About the biodiversity of non-targeted invertebrates on GM Bt-crops: according to the meta-analysis published in Science, the biodiversity on GM Bt-crop fields was lower than on non-GM fields without Bt use. However, the yields are typically lower on the latter fields. The abovementioned NAS report states: “The committee examined results of experiments conducted on small plots of land that compared yields of crop varieties with Bt to yields of similar varieties without Bt. It also assessed surveys of yield on large- and small-scale farms in a number of countries. It found that Bt in maize and cotton from 1996 to 2015 contributed to a reduction in the gap between actual yield and potential yield (Figure S-2) under circumstances in which targeted pests caused substantial damage to non-GE varieties and synthetic chemicals could not provide practical control.” Lower yields means higher land use and more deforestation, resulting in a negative impact on biodiversity as well. The overall impact on biodiversity remains uncertain. Furthermore, organic farming is not necessarily Bt free: Bt spraying is allowed on organic farms.
About the claim that natural Bt sprays are more harmful to non-target insects than GM Bt-crops: this was demonstrated by the abovementioned meta-analysis in Science. GM Bt-crop fields had higher biodiversity of non-target invertebrates than non-GM Bt-sprayed fields. The CEO rebuttal acknowledged this result, so there seems to be an inconsistency in the CEO rebuttal. The fact that the natural Bt protoxin in sprays is turned into Bt toxin when ingested, is irrelevant, because non-target insects also ingest the Bt protoxin when Bt is sprayed.
About the ethics of animal experiments: the Séralini rat studies probably contained unnecessary animal suffering because the researchers used rats that were genetically vulnerable to cancer and the rats with painfully growing tumors were not quickly euthanized. The studies were also criticized by the Oxford Centre for Animal Ethics: “Researchers carried out a carcinogenicity test on GM maize using rats. They fed 200 rats for their entire lifetime (two years) a diet of one of the bestselling strains of GM maize produced by agricultural biotechnology giant Monsanto along with the company’s popular weedkiller Roundup in order to induce cancer in the animals. The rats developed large, cancerous tumours that led to multiple organ damage and premature death in 50 per cent of males and 70 per cent of females. No mention of pain relief was given (Séralini et al., 2012).” Similar concerns of unnecessary animal suffering can be raised in Judy Carman’s pig study: the majority of pigs in both the GMO-feed group and the control group suffered from pneumonia, which means that the pigs were probably held in very bad conditions.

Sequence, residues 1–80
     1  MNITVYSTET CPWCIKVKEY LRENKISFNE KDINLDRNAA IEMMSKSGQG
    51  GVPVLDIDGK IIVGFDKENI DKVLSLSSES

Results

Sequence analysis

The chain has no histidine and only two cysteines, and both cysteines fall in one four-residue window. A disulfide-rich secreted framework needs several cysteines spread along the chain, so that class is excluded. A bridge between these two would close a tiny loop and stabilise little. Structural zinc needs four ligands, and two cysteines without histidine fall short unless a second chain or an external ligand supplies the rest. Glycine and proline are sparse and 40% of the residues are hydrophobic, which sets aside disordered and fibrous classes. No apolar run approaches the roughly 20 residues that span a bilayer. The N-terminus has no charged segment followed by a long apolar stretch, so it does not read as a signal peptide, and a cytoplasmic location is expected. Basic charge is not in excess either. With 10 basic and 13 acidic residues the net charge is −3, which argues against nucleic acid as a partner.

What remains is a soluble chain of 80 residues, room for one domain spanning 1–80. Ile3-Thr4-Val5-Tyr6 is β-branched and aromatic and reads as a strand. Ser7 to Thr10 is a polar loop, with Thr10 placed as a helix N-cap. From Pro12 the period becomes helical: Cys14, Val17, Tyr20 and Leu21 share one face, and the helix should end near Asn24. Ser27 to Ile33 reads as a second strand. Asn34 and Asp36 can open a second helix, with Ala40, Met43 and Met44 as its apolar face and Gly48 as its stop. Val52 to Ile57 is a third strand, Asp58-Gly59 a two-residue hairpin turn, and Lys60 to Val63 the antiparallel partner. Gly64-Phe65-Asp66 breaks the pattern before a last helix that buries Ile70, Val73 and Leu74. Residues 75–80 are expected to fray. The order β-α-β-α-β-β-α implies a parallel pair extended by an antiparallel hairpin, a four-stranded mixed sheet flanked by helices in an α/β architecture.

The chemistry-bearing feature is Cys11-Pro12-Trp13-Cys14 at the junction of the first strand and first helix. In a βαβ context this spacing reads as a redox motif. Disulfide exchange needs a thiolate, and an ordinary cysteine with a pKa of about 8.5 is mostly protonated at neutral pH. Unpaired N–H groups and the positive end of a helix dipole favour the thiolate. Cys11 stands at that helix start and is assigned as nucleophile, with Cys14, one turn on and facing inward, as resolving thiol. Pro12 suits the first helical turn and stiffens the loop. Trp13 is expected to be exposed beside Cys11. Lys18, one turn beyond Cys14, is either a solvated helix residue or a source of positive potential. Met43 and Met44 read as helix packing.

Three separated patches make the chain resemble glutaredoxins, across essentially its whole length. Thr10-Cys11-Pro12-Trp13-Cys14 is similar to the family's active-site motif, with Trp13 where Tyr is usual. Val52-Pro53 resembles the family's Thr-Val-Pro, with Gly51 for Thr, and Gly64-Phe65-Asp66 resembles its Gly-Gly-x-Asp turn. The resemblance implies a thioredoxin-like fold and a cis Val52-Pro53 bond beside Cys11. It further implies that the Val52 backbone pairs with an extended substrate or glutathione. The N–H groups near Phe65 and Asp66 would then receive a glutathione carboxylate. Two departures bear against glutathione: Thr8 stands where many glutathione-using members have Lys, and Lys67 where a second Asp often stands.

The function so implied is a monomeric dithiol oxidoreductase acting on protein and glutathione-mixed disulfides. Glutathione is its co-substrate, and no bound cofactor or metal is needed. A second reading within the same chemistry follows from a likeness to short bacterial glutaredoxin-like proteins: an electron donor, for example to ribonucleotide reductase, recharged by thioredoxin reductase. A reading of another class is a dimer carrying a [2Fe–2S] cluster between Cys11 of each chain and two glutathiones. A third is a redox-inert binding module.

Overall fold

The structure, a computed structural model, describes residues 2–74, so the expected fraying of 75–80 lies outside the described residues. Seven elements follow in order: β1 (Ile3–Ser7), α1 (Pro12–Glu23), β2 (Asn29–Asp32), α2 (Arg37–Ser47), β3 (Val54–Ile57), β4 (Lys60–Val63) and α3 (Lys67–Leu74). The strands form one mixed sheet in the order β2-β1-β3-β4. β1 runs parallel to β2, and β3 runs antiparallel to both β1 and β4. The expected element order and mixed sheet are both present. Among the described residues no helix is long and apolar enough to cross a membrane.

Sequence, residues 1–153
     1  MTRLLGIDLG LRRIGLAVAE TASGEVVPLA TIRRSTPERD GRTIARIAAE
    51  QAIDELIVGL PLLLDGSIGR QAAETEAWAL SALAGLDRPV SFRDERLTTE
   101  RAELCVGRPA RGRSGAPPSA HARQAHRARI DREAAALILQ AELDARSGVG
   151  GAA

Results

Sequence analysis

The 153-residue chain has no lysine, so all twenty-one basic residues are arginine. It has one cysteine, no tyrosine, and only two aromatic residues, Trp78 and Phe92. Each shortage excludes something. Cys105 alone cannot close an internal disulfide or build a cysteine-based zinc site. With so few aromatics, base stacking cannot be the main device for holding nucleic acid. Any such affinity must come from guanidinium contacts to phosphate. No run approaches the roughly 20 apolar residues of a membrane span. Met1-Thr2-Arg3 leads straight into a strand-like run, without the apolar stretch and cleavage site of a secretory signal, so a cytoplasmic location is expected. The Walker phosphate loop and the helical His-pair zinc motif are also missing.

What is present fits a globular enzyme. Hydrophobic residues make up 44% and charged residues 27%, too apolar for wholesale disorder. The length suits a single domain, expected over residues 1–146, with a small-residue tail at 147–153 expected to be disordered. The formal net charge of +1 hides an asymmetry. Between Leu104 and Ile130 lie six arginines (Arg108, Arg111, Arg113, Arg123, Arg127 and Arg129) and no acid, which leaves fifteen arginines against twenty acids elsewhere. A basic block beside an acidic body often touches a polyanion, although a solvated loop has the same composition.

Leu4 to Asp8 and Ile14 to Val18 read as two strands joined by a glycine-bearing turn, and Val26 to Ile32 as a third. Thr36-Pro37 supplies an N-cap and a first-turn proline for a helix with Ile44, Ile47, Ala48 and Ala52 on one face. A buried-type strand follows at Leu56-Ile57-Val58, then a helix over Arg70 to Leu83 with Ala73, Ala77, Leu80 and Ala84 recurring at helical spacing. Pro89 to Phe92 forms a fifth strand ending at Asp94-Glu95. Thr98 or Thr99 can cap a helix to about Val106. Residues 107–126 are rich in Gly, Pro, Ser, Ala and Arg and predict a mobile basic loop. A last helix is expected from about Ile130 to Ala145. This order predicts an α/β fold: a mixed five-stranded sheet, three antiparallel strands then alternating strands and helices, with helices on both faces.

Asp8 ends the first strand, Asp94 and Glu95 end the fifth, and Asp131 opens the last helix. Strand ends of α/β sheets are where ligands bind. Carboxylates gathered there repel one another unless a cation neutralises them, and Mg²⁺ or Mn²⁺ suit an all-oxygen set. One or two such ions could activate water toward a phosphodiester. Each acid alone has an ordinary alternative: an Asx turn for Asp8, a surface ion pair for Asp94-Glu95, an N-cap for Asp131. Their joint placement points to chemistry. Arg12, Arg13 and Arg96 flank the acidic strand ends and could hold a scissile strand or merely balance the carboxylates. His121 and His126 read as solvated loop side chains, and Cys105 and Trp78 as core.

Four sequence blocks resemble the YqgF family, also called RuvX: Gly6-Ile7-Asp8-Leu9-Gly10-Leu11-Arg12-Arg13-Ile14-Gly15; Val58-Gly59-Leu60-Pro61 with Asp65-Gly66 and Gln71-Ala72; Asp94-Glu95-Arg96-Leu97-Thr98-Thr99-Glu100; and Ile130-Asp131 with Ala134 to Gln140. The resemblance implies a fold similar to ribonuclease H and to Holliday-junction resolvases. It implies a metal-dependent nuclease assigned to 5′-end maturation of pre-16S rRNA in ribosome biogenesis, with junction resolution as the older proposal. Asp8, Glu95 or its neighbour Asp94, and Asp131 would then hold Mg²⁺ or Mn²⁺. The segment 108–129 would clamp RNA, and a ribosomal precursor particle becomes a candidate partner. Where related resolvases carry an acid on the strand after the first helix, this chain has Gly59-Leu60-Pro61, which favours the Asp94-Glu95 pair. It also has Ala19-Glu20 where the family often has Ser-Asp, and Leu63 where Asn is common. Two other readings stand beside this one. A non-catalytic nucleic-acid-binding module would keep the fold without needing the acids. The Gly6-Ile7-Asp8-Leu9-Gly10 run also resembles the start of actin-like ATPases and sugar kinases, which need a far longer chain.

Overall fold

About natural genetic engineering: the claim about horizontal gene transfers in nature was obviously about naturalness, not about safety.
About GMOs reducing food waste: the very first GMO on the market, the Flavr Savr tomato, was engineered to be more resistant to rotting. Developing GMOs that spoil less quickly have nothing to do with maintaining a cosmetic appearance of freshness and there is no reason to assume that those GMOs will lose many of the nutrients. On the contrary: the rotting process reduces nutritional value.
This is not a comprehensive list of my rebuttals. Nevertheless, the CEO rebuttal does raise important issues and refers to good studies (e.g. the concerns raised by some scientific institutions such as the British Medical Association, the surveys of medical doctors, the industry bias in favor of GMO safety, the concerns about recent weed resistance to herbicides and bollworm resistance to Bt-insecticides, the IARC-WHO statement of carcinogenicity of glyphosate, the problem that GMOs are not always based on the highest yielding cultivars, the difficulties involved in making claims about economic performance, the use of some outdated data in some meta-analyses, the Bt cotton yields in India, the conflict of interest of the Carpenter biodiversity study, the fact that herbicide tolerant GMOs might have only contributed a little to the adoption of no-till farming and the fact that no-till doesn’t store more carbon and that it might raise the Environmental Impact Quotient of pesticides). After examining those comments, I feel less certain about some statements I made in my original article (e.g. statements about benefits in terms of biodiversity), but I keep confidence in the general conclusions.
Addendum (2019): about the IARC-WHO statement of carcinogenity of glyphosate: many other health and regulatory agencies (the U.S. EPA, the European Food Safety Authority, the WHO-FAO, the German Federal Institute for Risk Assessment, Health Canada, Australia’s Pesticides and Veterinary Medicines Authority) state that glyphosate is not a health risk. The CEO might have a conflict of interest bias: seeing the conflicts of interests of scientists paid by the GMO or pesticide industries, but not seeing conflicts of interests of scientists paid by law firms that use IARC judgments in litigations against industries.